New national poll shows Sanders surpassing Biden with African Americans

New national poll shows Sanders surpassing Biden with African Americans
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Sen. Bernie SandersBernie SandersOvernight Health Care: CDC approves Pfizer vaccine for adolescents aged 12-15 | House moderates signal concerns with Pelosi drug pricing bill | Panel blasts COVID-19 response Briahna Joy Gray: Warren not endorsing Sanders in 2020 was 'really frustrating' House moderates signal concerns with Pelosi drug pricing bill MORE (I-Vt.) has strengthened his lead in the 2020 Democratic presidential race and surpassed former Vice President Joe BidenJoe BidenBiden says Beau's assessment of first 100 days would be 'Be who you are' Biden: McCarthy's support of Cheney ouster is 'above my pay grade' Conservative group sues over prioritization of women, minorities for restaurant aid MORE in support from African American voters, according to a new poll.

The Reuters-Ipsos survey released Tuesday found Sanders's lead stretching into the double digits for the first time, with the senator holding an 11-point advantage in the race and a 3-point edge over Biden among black voters.

Overall, 26 percent of surveyed Democrats and independents said they would vote for Sanders, a self-identified democratic socialist, while Biden and former New York City Mayor Mike Bloomberg (D) tied in a distant second with 15 percent support.


Sen. Elizabeth WarrenElizabeth WarrenWarren says Republican party 'eating itself and it is discovering that the meal is poisonous' Briahna Joy Gray: Warren not endorsing Sanders in 2020 was 'really frustrating' McConnell hits Democratic critics of Israel MORE (D-Mass.) and former South Bend, Ind., Mayor Pete ButtigiegPete ButtigiegGas shortages spread to more states Biden officials warn against hoarding gasoline amid shortages Republicans welcome the chance to work with Democrats on a bipartisan infrastructure bill MORE garnered the backing of 10 percent of respondents. Four percent said they would vote for Sen. Amy KlobucharAmy Klobuchar Klobuchar offers tribute to her father, who died Wednesday The Hill's Morning Report - Presented by Facebook - Cheney poised to be ousted; Biden to host big meeting Senate panel deadlocks in vote on sweeping elections bill MORE (D-Minn.), while 3 percent said they'd back billionaire activist Tom SteyerTom SteyerTop 12 political donors accounted for almost 1 of every 13 dollars raised since 2009: study California Democrats weigh their recall options Why we should be leery of companies entering political fray MORE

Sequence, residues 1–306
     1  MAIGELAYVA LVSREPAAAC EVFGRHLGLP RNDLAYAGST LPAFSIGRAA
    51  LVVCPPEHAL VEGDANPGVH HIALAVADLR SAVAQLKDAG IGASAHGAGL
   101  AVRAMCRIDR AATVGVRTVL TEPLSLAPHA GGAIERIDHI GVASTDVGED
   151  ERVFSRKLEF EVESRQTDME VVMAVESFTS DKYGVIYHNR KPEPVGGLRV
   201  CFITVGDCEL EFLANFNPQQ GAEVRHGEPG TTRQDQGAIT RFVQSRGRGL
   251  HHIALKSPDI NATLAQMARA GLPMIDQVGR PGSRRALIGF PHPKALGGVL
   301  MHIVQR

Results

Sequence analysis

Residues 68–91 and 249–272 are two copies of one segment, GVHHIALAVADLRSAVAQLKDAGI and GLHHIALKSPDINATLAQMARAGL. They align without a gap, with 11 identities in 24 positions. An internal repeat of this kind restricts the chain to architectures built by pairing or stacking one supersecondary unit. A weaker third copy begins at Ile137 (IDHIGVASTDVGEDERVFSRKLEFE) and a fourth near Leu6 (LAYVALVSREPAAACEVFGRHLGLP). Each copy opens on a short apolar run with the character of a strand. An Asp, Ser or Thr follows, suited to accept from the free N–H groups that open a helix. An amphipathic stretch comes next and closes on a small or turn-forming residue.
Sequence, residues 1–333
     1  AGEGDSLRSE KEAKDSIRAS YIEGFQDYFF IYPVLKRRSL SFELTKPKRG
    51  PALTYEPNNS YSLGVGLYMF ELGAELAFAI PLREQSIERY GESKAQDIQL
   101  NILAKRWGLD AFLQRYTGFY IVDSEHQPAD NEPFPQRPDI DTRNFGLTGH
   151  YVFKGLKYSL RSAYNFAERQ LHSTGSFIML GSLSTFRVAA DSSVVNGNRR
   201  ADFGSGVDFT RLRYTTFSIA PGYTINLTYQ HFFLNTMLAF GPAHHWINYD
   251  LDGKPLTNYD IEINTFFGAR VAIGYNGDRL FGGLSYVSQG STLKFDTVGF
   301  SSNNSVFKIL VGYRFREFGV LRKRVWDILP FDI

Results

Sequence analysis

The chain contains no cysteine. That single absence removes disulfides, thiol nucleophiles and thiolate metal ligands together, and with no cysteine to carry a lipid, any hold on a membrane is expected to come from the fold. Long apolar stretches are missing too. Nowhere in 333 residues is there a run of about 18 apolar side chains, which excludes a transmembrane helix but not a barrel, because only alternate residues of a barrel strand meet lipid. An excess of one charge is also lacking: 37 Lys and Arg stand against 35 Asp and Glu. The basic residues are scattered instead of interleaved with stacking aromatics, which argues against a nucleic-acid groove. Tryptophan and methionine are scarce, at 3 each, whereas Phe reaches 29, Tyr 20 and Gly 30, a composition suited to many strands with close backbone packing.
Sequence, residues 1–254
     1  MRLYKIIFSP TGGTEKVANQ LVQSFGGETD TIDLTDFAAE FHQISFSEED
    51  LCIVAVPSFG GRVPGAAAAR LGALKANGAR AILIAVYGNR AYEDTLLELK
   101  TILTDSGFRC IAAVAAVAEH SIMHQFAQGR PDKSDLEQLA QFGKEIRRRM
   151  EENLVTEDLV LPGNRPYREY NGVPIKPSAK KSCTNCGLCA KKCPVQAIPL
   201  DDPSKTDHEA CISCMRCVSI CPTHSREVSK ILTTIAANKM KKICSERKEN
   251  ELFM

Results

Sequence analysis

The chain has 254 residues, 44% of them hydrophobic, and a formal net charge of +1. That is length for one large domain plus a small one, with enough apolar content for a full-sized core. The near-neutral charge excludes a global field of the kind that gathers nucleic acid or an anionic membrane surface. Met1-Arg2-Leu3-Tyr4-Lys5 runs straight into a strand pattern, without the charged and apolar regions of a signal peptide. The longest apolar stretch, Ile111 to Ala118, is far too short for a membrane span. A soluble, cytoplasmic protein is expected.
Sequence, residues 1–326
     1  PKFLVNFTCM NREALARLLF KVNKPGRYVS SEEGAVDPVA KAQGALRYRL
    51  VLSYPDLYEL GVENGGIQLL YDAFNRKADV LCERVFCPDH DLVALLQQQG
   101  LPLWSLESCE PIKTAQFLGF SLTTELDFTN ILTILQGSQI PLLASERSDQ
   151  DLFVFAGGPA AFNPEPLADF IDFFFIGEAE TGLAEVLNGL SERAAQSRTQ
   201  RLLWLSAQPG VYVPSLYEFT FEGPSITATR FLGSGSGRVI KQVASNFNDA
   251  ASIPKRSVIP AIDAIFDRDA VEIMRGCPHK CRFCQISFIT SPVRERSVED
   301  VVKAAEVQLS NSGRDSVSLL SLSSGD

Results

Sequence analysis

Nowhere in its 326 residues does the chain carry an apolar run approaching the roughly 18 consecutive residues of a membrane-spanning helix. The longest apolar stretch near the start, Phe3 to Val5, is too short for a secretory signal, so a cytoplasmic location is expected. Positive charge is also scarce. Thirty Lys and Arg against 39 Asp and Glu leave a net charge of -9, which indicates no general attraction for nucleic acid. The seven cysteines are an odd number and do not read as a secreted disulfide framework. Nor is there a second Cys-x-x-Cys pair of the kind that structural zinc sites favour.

Sanders cemented himself as the clear front-runner for the Democratic nomination after a decisive victory at the Nevada caucuses last weekend. The victory came on the heels of a win in New Hampshire and a close second-place finish behind Buttigieg in Iowa.

The Vermont senator's continued rise in the latest Reuters survey corresponded with a significant increase in support from African American voters. Twenty-six percent of respondents in that demographic said they would back Sanders, a 7-point jump from a previous poll conducted between Jan. 29 and Feb. 19.

Meanwhile, Biden earned 23 percent support among African Americans, a 10-point dip since the previous survey. His drop coincided with a 10-point jump in support for Bloomberg, who now has 20 percent support among African Americans. 

The declining support among black voters could mark a test for Biden's campaign. Despite poor showings in Iowa and New Hampshire, the former vice president has continued to express confidence that his standing in the race will strengthen as more-diverse states hold voting.


He has invested heavily in South Carolina, where a majority of the electorate is African American, ahead of the state's primary on Saturday. Other recent polls have shown Biden with a slim lead over Sanders in the state, though polling has indicated a slight drop in support among black voters.

Biden told CBS Sunday that Steyer's massive advertising spending in the state was a cause of that slide. Bloomberg is not competing in South Carolina, instead focusing on Super Tuesday states. 

"I think a lot’s happening in terms of the amount of money being spent by billionaires to try to cut into the African American vote," Biden said. 

The Reuters-Ipsos public opinion survey was conducted online Feb. 19-25 among a sample of 4,439 adults, including 2,244 who identify as registered Democrats or independents and 446 African Americans. The survey's credibility interval is between 2 and 5 percentage points.